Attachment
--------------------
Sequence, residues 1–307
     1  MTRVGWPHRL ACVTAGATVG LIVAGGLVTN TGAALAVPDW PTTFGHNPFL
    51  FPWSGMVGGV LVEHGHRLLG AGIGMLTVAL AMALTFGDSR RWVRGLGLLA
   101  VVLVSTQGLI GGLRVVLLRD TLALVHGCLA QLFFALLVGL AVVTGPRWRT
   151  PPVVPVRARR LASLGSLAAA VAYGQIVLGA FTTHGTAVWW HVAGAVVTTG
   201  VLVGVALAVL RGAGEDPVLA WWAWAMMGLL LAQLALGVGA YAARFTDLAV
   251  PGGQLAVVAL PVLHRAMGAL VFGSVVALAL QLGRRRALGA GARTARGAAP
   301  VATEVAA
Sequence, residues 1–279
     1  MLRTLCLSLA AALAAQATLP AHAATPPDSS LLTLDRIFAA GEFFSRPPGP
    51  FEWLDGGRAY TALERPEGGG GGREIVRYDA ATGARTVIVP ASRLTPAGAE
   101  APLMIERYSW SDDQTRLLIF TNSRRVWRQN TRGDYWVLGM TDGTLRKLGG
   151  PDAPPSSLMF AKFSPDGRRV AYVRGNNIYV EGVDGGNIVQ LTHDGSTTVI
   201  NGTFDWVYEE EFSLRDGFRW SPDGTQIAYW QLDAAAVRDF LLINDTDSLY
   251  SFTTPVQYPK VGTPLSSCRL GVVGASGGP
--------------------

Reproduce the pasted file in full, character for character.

Sequence, residues 1–307
     1  MTRVGWPHRL ACVTAGATVG LIVAGGLVTN TGAALAVPDW PTTFGHNPFL
    51  FPWSGMVGGV LVEHGHRLLG AGIGMLTVAL AMALTFGDSR RWVRGLGLLA
   101  VVLVSTQGLI GGLRVVLLRD TLALVHGCLA QLFFALLVGL AVVTGPRWRT
   151  PPVVPVRARR LASLGSLAAA VAYGQIVLGA FTTHGTAVWW HVAGAVVTTG
   201  VLVGVALAVL RGAGEDPVLA WWAWAMMGLL LAQLALGVGA YAARFTDLAV
   251  PGGQLAVVAL PVLHRAMGAL VFGSVVALAL QLGRRRALGA GARTARGAAP
   301  VATEVAA
Sequence, residues 1–279
     1  MLRTLCLSLA AALAAQATLP AHAATPPDSS LLTLDRIFAA GEFFSRPPGP
    51  FEWLDGGRAY TALERPEGGG GGREIVRYDA ATGARTVIVP ASRLTPAGAE
   101  APLMIERYSW SDDQTRLLIF TNSRRVWRQN TRGDYWVLGM TDGTLRKLGG
   151  PDAPPSSLMF AKFSPDGRRV AYVRGNNIYV EGVDGGNIVQ LTHDGSTTVI
   201  NGTFDWVYEE EFSLRDGFRW SPDGTQIAYW QLDAAAVRDF LLINDTDSLY
   251  SFTTPVQYPK VGTPLSSCRL GVVGASGGP